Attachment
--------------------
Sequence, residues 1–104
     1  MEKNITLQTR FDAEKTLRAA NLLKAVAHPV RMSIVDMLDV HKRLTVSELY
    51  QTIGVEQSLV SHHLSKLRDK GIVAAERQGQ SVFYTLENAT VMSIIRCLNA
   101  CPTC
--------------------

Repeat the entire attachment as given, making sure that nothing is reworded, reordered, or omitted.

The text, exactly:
Sequence, residues 1–104
     1  MEKNITLQTR FDAEKTLRAA NLLKAVAHPV RMSIVDMLDV HKRLTVSELY
    51  QTIGVEQSLV SHHLSKLRDK GIVAAERQGQ SVFYTLENAT VMSIIRCLNA
   101  CPTC